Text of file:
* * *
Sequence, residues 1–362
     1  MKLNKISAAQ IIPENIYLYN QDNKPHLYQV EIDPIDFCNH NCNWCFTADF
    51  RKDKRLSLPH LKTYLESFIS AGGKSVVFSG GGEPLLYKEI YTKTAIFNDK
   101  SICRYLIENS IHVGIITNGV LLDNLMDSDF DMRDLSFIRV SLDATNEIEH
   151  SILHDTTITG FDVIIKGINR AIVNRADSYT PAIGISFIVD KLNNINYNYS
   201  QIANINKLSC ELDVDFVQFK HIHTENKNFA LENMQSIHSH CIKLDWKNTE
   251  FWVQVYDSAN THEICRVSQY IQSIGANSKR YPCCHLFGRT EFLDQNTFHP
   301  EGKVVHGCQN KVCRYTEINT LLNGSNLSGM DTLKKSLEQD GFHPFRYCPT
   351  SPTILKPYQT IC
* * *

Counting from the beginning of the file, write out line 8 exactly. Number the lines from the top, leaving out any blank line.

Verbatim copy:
   301  EGKVVHGCQN KVCRYTEINT LLNGSNLSGM DTLKKSLEQD GFHPFRYCPT